Interestingly, the climax to the movie uses some of Jerry Goldsmith’s score for the original film tracked in at the end but, and I find this interesting because there seems to be no reason for it, it starts at different points depending on whether you are watching the theatrical cut or the extended edition.

So let’s talk about the extended edition just a little bit. Well, unfortunately, it’s still missing the original pre-credits sequence shown at early previews where some cops find a beaten and bloody ape, injured at the hands of its human masters and showing in a fairly graphic manner what the majority of the rest of the movie is trying to reenforce in the mind. There are still referrals to this incident left in the dialogue in the film as it stands now.... but it would have been nice to have the original pre-credits on it. Especially since this now means this is the first Apes movie not to have such a sequence.

The rest of the extra material in the extended version is mostly from the last third of the movie and it’s the full effects and brutality of the bloody violence where the apes go into battle against the humans that is more intense, with lots of blood squibs going off etc. The very ending is a lot different too. In the theatrical version, Breck and his people are about to be brutally clubbed to death by the apes. McDonald, who is off to one side, pleads for their lives and then Natalie Trundy, playing an ape for this movie, says “No”... the first normal ape who has learned to speak. Caeser shows compassion and lets them live. However, in this original version, Trundy has no speaking lines and all the humans, bar McDonald, are bashed to death by the apes. It’s an interesting ending because it shows the apes, who have been the underdogs all the way through, in order to capture the sympathy of the audience, showing themselves to be just as ruthless as their former captors and it’s an ending which leaves nobody left to root for... possibly why the decision was made to change the ending. Possibly.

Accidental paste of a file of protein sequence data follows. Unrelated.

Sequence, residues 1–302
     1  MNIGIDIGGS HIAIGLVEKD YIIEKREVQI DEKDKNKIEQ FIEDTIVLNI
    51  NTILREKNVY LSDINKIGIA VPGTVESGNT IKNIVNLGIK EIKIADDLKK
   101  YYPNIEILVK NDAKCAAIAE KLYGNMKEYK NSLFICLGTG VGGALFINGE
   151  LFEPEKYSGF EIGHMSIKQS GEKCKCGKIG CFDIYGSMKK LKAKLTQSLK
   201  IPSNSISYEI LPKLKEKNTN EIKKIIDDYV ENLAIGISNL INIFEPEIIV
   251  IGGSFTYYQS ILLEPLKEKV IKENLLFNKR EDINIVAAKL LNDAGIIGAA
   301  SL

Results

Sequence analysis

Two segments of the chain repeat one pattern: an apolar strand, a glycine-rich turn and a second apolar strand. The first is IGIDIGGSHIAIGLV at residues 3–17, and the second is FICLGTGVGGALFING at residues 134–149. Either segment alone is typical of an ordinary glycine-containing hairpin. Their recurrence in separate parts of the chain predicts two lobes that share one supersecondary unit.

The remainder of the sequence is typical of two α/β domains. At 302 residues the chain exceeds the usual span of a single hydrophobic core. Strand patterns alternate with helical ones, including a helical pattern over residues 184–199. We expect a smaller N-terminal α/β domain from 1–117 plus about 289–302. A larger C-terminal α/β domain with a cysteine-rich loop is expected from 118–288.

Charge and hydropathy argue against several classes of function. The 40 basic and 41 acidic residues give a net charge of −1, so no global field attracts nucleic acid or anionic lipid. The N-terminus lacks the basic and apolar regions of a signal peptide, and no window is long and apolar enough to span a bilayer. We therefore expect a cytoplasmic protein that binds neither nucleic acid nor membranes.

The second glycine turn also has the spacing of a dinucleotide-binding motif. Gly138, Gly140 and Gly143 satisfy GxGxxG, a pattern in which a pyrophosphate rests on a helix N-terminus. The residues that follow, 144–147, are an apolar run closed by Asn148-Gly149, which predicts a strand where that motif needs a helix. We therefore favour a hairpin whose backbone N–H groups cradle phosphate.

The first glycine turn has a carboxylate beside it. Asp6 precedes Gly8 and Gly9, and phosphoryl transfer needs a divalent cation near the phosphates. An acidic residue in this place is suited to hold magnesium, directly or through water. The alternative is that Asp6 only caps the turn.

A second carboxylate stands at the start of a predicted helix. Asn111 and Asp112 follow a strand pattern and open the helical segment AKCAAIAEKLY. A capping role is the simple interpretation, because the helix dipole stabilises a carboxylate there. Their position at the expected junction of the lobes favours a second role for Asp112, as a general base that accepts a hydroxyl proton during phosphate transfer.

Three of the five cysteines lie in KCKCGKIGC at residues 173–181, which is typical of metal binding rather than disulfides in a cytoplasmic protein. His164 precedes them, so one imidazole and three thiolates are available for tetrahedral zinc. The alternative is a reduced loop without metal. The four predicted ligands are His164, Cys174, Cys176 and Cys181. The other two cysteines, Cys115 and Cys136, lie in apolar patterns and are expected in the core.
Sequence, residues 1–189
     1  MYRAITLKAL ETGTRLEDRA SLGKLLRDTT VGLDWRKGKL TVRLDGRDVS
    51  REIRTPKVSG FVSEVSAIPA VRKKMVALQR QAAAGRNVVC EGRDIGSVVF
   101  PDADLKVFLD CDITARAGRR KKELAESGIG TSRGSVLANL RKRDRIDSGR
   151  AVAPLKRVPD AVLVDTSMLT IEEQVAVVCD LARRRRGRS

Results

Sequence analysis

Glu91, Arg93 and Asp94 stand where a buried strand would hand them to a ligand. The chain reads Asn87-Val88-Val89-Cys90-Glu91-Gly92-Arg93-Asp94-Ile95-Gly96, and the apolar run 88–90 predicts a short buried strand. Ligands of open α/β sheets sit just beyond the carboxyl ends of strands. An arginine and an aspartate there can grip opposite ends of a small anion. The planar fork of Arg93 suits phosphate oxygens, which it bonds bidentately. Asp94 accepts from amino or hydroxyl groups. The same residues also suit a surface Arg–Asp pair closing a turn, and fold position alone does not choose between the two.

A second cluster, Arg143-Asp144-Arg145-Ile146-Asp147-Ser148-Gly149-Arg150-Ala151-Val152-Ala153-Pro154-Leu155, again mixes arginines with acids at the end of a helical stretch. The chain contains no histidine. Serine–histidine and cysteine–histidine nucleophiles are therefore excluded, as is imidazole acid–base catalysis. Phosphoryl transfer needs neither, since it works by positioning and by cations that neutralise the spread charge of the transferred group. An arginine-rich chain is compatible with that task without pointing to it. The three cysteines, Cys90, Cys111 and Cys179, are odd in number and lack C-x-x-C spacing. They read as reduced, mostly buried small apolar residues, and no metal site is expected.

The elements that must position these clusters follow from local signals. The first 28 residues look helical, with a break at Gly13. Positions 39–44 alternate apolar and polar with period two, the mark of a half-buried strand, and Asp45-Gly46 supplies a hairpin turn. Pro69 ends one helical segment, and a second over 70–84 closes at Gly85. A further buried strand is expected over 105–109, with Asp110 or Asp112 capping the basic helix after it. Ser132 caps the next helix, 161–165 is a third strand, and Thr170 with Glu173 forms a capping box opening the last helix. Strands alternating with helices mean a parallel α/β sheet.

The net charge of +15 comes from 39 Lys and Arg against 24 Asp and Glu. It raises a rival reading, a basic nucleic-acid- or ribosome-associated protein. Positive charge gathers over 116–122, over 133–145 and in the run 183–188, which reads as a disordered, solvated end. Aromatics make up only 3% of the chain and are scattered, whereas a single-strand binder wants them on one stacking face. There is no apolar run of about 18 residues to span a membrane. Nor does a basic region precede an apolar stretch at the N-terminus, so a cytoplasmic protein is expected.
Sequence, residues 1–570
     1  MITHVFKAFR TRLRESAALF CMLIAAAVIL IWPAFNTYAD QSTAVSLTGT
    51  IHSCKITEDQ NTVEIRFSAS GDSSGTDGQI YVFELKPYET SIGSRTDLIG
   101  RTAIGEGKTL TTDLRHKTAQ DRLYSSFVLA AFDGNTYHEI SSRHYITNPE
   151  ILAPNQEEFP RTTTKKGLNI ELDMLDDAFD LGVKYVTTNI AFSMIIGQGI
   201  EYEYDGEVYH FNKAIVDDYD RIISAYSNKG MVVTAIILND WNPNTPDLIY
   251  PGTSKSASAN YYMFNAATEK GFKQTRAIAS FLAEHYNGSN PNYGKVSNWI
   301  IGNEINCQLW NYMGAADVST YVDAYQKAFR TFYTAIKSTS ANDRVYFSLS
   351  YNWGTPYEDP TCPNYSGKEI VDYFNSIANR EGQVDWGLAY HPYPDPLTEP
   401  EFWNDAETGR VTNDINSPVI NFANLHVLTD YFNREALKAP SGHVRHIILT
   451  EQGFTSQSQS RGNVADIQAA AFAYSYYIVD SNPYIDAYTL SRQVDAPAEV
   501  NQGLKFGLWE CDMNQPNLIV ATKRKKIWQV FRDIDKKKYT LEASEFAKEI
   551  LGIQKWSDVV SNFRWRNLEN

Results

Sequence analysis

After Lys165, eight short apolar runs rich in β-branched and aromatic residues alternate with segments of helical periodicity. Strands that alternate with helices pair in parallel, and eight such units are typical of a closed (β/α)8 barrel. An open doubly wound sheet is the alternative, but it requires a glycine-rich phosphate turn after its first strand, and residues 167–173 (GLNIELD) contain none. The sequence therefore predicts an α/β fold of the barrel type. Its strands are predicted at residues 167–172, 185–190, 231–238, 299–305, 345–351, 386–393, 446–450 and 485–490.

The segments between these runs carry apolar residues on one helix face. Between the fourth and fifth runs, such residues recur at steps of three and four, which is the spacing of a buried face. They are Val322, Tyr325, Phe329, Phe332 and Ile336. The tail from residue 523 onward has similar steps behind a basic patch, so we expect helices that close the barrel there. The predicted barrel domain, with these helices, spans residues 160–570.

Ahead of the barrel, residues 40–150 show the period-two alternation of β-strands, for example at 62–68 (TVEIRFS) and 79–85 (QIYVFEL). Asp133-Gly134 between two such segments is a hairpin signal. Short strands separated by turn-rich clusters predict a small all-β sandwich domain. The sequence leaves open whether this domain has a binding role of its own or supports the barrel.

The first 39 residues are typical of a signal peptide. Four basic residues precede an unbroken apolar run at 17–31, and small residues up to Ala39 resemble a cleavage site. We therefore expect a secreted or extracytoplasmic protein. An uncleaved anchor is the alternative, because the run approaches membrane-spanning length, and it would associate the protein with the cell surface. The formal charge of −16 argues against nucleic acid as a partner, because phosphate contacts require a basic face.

Goldsmith’s replacement music, tracked in from the first film, is also a lot longer and begins a lot earlier in the extended cut than it does in the final release version. When you look back on the final release print with the hindsight of knowing that it’s been recut, it’s really easy to see the cellotape and spit job done to change the ending. Certain shots of the apes bringing down their clubs are reversed and recut later to look like they’re cheering Caeser, for example. Roddy McDowell has got a load of new lines and when he delivers them he is either in long shot where you can’t really tell what he is saying or, even worse, the footage has been reframed and cropped in extreme close up with his mouth off the bottom of the screen so you can’t see it... a bit strange until you know the reasons why.

However, even if you’re watching the original theatrical release version, which most people are familiar with, it’s still quite a gruelling but mostly entertaining watch and it’s a good piece of social commentary underneath a science fiction veneer, which is pretty much the most you can want for movies exploring a fantasy milieu, I reckon. Conquest Of The Planet Of The Apes is my third favourite of the apes movies but, sad to say, I seem to remember the next one in the sequence being somewhat less interesting and quite a lot less watchable than any of the others... even the second one. I’ll see if I still feel that way in a week or so when I give Battle For The Planet Of The Apes a watch... and you can be sure I’ll report back here for a debriefing.